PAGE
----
Chapter 29 : Goodbye Minnesota, Hello Vermont! Waking up the sleeping beast….

Well the TurboStude has finally made it to Vermont and will embark on its journey with Steve. It took some doing, but left Minnesota at 10 PM on a humid, dark night waving goodbye to a chorus of tree frogs and mosquitos… Steve continues the narrative from this point……

TurboStude, the Sequel

Chapter 1, Day 1

I’ve done something very unlike me.  I’ve bought a hotrod.  My first ever car that I don’t need.  And I did it without seeing it in person.  Or, for that matter, without EVER having seen a Studebaker Champion Bulletnose Coupe in person.  After a summer of trucking delays and frustration, I’m about to meet it.  

First impression:  I love the look of this thing.  It’s delightfully small (for a 1950 American automobile), sporty looking, sits pretty square on the trailer……….

I’m most concerned about the body and frame.  Here in Vermont, cars this age are almost always patched up, even nice ones.  Once it’s unloaded, I spend a couple hours just looking.  It’s not rotten, not wrecked.  Everything except the drivers door works well enough, and when that door is closed, it fits in the frame pretty well.  I’ll be able to fix that.  The underside is very dry.  It won’t survive even summers in Vermont very long like that.  I’ll need a plan to protect it.  

I’m officially happy with my purchase.  I can work with this.  Mechanicals don’t really concern me.  Keeping a turbocharged flathead is the goal, but I’m less opposed to a typical sbc drop-in than Mr. Meyers was.  Make all the bellybutton jokes you want, there’s a reason it’s a popular swap.

So, compression, fuel, spark,………let’s start to see what the powerplant has to offer.  Mr. Meyers had told me that he’d put oil in the cylinders recently, so I decided not to do a compression test and gum up my gauge.  That’ll come later.  

Fuel.  It took some looking to find the fuel pump, and the switch to run it.  With a battery hooked up, I could hear it run, but no fuel at the carb, which I had disconnected.  Found that the line from the tank to the pump was plugged, so I fabricated a temporary one into a can.  Quickly got a nice supply of clean gas.  Hooked the carb back up, hit the switch and heard the carb fill.  Looked around and in it, no leaks!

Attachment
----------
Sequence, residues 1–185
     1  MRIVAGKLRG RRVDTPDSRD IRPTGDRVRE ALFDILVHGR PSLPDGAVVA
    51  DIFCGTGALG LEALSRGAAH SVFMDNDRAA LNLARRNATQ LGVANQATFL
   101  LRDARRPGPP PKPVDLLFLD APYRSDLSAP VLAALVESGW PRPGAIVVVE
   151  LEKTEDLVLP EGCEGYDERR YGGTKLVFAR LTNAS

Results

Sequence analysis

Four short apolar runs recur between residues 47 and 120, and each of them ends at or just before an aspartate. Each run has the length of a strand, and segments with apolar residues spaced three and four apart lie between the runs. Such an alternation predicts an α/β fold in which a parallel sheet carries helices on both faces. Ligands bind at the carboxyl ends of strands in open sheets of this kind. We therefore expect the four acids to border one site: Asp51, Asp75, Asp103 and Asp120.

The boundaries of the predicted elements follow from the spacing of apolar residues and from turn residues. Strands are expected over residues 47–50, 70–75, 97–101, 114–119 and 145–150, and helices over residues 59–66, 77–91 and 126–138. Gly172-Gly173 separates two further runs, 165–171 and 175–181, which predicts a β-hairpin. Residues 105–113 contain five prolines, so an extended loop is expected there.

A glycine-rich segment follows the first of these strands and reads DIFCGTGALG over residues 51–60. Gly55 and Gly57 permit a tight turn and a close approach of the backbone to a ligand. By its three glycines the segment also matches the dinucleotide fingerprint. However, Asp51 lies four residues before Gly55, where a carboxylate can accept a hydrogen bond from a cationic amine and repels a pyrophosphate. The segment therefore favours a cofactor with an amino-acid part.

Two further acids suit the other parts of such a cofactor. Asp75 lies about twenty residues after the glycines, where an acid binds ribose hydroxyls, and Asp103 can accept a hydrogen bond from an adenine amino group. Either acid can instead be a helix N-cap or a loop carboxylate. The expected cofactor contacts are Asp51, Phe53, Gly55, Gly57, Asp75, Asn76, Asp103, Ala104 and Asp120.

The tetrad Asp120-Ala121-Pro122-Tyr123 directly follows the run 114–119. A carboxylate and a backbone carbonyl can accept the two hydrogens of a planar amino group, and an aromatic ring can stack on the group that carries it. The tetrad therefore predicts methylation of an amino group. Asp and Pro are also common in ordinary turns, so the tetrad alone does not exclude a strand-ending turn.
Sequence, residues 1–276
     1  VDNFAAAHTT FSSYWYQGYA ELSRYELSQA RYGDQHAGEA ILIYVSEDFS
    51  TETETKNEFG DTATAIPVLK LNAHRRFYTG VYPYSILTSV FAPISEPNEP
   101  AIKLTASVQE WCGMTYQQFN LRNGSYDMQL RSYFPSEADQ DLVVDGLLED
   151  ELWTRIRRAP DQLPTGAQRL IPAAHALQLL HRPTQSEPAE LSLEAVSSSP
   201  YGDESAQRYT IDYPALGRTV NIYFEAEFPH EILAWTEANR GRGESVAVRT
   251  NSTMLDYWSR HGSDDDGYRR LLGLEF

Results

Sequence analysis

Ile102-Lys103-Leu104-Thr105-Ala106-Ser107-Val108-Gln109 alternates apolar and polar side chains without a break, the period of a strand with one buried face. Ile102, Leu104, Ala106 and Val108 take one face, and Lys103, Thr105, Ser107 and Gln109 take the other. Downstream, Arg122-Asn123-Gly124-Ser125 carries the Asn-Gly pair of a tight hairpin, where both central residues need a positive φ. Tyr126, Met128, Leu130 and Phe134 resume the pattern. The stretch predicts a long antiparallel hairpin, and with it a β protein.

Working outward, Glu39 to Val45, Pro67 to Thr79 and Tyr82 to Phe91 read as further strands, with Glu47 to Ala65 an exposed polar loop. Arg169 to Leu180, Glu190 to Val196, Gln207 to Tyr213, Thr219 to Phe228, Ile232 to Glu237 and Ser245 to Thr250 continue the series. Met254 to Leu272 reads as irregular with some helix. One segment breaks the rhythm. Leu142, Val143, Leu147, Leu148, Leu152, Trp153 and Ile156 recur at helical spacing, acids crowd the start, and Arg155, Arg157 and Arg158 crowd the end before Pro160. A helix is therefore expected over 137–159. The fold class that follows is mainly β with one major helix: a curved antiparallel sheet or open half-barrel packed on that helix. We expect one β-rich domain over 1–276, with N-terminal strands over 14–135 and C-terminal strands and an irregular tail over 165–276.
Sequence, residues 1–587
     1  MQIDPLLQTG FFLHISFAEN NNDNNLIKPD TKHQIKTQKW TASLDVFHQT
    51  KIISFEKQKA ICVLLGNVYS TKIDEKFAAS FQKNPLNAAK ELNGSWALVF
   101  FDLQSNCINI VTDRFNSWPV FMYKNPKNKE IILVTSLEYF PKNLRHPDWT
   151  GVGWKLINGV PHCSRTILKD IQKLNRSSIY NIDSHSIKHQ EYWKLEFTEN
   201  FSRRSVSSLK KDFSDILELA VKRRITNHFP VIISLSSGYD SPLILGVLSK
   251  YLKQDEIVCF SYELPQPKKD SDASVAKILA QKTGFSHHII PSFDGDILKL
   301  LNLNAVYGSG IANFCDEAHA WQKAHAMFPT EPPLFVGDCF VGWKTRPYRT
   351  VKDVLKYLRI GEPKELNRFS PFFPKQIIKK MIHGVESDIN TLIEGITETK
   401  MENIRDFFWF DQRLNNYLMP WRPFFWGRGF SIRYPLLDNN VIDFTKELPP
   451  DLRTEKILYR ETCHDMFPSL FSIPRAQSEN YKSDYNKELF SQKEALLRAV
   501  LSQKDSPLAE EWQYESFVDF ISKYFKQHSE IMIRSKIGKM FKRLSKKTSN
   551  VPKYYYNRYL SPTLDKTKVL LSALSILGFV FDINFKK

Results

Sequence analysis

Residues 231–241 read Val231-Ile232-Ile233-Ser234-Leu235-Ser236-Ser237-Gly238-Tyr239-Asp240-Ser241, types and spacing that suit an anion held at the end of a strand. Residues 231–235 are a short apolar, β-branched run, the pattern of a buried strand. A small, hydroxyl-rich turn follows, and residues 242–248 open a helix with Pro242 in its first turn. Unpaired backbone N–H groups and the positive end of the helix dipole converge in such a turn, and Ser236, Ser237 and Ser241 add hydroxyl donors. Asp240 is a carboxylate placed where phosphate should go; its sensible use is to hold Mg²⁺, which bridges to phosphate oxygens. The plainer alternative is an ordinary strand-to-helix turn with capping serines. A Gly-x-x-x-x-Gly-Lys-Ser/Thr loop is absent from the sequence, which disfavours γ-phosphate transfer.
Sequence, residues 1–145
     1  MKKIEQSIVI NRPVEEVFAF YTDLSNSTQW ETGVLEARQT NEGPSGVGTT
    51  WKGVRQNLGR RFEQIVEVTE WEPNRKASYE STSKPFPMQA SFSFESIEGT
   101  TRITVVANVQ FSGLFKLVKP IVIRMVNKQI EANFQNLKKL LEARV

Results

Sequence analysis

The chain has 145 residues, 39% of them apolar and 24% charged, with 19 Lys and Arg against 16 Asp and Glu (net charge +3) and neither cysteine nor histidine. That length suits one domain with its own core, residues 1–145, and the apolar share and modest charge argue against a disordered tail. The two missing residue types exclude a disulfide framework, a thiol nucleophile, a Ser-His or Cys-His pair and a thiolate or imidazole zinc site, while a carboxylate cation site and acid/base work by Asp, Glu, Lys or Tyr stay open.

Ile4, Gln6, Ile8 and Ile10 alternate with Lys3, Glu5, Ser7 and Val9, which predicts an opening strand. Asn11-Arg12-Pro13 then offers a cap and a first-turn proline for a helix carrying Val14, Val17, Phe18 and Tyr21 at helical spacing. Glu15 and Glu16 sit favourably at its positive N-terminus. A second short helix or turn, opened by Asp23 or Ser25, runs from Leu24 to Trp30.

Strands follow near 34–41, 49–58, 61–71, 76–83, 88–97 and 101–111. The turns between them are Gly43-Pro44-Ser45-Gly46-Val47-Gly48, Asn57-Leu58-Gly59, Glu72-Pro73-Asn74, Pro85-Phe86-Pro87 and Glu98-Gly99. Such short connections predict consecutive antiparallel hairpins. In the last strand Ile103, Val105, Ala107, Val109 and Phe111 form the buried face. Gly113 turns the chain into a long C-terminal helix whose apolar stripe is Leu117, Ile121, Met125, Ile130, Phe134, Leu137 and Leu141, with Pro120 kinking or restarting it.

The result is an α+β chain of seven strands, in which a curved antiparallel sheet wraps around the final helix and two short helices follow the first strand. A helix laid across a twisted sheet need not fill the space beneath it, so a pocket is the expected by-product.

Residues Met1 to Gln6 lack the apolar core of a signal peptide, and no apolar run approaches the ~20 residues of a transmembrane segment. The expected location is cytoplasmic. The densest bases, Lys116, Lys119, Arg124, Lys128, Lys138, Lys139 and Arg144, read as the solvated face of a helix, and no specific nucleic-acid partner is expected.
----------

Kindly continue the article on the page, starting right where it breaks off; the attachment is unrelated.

Could it be that the float valves aren’t all gummed up?

No coolant is visible in the radiator, but not planning to start it yet, so I let that slide.  

Does the starter work?  Yup!  I’ve worked on antique pulling tractors, and am familiar with the sound of a 6 volt starter on 12.  Spins great.

Spark?  Hooked up a timing light and pointed it at the windshield.  Key on, starter, nothing!  Got out the test light, power at the coil.  Popped off the distributor cap and found a big green mess on the points.  Cleaned them, poorly, snapped the rotor and cap back on and back to the dash to see if it’s igniting now.  Key on, hit the starter……..and it FUCKIN’ STARTED.  Not popped, spit, or tried.  STARTED, ran, settled into a smooth idle immediately.  I flicked on the fuel pump and stood dumbfounded for half a minute.  Coming to my senses, I headed to look at the oil pressure gauge, and noticed gas pouring out from under the car.  The fuel return line has been gnawed off.  

Enough for tonight.   I sat and nursed a beer, holding hands with my wife and looking at until dark.  It’s been a very good day!

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